Atomization – Auto Industry Apocalypse Ahead – Vehicle Nameplates Soar as Sales Fall


Over the past decades, the American auto industry has “atomized” with more and more new car and light truck models being added to the lineups each year.  The reason for this rapid addition of nameplates – atomization – has been an attempt by auto designers and marketers to provide products targeted to much more finely defined product niches.  Consumers demand more and more focused products and today’s automotive consumer research can identify exactly what those consumers want.  Current product development techniques allow vehicles to be developed more quickly and efficiently than in the past.  So, why not develop a vehicle targeted at each well-defined buyer group?

17-million Sales Years Not Sustainable

During the ‘90s, a good year was 15 million car and light truck sales.  By early in the first decade of the 2000s, the industry was expecting 17 million units per year.  Companies began adding more and more nameplates to take advantage of these robust sales numbers and to target their customers more closely.  As more nameplates were added, the market softened.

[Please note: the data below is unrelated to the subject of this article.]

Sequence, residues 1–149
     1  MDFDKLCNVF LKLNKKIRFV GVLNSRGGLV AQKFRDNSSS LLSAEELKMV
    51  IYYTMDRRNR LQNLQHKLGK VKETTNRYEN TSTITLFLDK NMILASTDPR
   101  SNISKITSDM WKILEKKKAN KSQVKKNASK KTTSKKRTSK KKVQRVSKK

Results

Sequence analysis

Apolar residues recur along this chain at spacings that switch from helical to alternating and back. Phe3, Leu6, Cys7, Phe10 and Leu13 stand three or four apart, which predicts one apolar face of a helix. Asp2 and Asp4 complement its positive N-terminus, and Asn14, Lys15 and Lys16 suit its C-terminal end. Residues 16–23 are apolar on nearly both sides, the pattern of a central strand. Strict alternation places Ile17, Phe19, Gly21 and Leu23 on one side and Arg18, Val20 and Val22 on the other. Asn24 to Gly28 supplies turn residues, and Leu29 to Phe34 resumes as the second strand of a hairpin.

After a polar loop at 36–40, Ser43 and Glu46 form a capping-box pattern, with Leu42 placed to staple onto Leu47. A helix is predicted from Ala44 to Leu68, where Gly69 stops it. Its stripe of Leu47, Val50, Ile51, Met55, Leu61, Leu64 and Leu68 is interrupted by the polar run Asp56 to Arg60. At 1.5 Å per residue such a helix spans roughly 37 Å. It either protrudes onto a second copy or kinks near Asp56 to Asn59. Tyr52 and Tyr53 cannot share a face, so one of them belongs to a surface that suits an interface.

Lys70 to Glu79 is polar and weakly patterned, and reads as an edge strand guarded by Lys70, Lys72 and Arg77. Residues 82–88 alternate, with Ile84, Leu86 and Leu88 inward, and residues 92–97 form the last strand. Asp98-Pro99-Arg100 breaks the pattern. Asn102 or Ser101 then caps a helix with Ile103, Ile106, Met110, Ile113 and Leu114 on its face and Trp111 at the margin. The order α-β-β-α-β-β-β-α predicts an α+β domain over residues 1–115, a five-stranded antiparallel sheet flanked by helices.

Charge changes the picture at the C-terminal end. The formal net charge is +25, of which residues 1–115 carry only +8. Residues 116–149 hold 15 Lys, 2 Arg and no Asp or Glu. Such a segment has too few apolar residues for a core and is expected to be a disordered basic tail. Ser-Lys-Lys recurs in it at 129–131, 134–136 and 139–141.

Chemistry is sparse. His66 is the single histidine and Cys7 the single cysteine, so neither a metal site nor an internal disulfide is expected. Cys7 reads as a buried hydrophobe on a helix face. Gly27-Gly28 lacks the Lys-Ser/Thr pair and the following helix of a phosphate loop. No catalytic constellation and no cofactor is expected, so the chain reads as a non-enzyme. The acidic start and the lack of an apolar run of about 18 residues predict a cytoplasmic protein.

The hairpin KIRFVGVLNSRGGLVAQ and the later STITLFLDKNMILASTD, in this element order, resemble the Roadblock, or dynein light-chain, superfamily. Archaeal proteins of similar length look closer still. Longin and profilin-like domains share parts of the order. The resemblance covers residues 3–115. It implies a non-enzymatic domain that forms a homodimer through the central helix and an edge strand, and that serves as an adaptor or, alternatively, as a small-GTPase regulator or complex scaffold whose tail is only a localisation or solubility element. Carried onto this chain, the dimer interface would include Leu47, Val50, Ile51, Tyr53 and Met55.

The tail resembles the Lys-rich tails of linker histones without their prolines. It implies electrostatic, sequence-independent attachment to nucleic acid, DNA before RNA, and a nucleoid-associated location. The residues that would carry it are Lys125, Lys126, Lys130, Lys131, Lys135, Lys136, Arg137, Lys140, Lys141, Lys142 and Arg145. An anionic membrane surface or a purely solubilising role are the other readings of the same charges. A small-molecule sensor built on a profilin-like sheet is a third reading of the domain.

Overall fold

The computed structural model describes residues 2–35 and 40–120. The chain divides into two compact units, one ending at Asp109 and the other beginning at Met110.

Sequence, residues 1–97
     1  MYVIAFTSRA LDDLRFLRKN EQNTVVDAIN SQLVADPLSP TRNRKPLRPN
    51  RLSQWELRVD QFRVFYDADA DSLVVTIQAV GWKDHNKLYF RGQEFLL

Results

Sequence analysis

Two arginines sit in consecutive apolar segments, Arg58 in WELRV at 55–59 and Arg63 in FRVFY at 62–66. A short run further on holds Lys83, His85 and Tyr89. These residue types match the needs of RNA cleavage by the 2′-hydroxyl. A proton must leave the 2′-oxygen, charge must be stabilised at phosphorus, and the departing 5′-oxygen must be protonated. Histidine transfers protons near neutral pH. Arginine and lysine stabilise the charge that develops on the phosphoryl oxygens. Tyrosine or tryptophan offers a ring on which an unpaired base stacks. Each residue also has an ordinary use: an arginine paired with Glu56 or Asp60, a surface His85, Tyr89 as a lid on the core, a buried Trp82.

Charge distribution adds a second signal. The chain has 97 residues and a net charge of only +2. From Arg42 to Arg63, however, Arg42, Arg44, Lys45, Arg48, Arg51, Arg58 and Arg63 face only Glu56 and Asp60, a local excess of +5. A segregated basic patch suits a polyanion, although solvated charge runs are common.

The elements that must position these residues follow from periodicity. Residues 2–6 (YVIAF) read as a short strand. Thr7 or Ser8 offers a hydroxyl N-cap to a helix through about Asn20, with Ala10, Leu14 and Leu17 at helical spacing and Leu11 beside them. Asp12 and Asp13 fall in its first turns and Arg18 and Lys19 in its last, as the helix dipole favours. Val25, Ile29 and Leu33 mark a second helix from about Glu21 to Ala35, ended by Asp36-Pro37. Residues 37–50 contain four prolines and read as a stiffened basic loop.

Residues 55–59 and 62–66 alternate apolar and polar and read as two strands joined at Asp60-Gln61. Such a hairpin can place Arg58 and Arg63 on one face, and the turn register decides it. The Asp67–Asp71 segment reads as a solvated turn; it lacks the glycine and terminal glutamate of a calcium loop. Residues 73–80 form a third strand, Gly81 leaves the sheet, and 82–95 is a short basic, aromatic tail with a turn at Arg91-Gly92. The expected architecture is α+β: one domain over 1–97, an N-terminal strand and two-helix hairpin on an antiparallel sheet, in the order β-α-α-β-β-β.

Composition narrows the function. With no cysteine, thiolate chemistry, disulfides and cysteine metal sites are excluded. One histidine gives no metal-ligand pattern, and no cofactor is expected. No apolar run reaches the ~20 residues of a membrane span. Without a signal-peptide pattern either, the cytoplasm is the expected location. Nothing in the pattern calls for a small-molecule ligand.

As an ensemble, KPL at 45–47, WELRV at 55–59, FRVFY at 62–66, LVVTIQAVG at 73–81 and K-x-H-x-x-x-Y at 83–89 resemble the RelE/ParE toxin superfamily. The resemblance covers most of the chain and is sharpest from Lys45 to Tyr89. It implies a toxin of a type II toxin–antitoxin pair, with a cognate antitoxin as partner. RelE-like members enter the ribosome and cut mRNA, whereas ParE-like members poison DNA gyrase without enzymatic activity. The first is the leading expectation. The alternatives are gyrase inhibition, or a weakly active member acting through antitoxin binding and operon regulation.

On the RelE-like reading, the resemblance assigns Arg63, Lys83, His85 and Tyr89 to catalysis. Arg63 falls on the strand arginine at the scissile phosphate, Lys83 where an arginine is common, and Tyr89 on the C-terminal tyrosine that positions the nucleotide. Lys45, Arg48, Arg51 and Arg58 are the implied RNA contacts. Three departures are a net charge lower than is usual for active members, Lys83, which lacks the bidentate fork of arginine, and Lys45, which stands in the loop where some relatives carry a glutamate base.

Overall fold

At the industry peak in 2000, sales hit 17.3 million units and there were 232 car and light truck nameplates on the market in the United States. This resulted in an average sales volume of about 73,000 units per nameplate.  In 2010 the industry cratered to 10.2 million units. There were 301 nameplates resulting in an average of only 34,000 units sold per nameplate; a whopping 39,000-unit deterioration in the average sales volume per nameplate from 2000.

Jump forward to 2017, the next peak sales year when sales hit 17.2 million units.  The nameplate count remained stable at 302 nameplates.  Average sales per nameplate in 2017 were about 57,000 units.  However, due to adding nameplates, the average was still 16,000 lower than in the year 2000 on average.  In a 17 million unit year, a lot of nameplates can be fed.

Forecast for 2023 – 15.7-million Sales but 80 more Nameplates to Sell – Atomization

But, as history has shown, 17 million unit sales years are not sustainable.  AutoPacific’s Industry Analysis team forecasts sales for 2023 will be 15.7 million units.  Automakers have plans to add 80 more nameplates between 2017 and 2023.  This means that 382 nameplates will average just 41,000 sales apiece.

In 2017, there were 163 car nameplates and 139 truck (pickups, SUVs, crossovers and vans) nameplates.  In 2019 there will be more truck nameplates than cars and by 2023 there are forecast to be 214 truck nameplates.  Most of these added trucks are SUVs and crossovers.  Truck penetration in the market is expected to be 72% in 2023.  Crossover SUVs alone will add about 70 nameplates between 2017 and 2023!

Top Ten Vehicles Account for 27% of Sales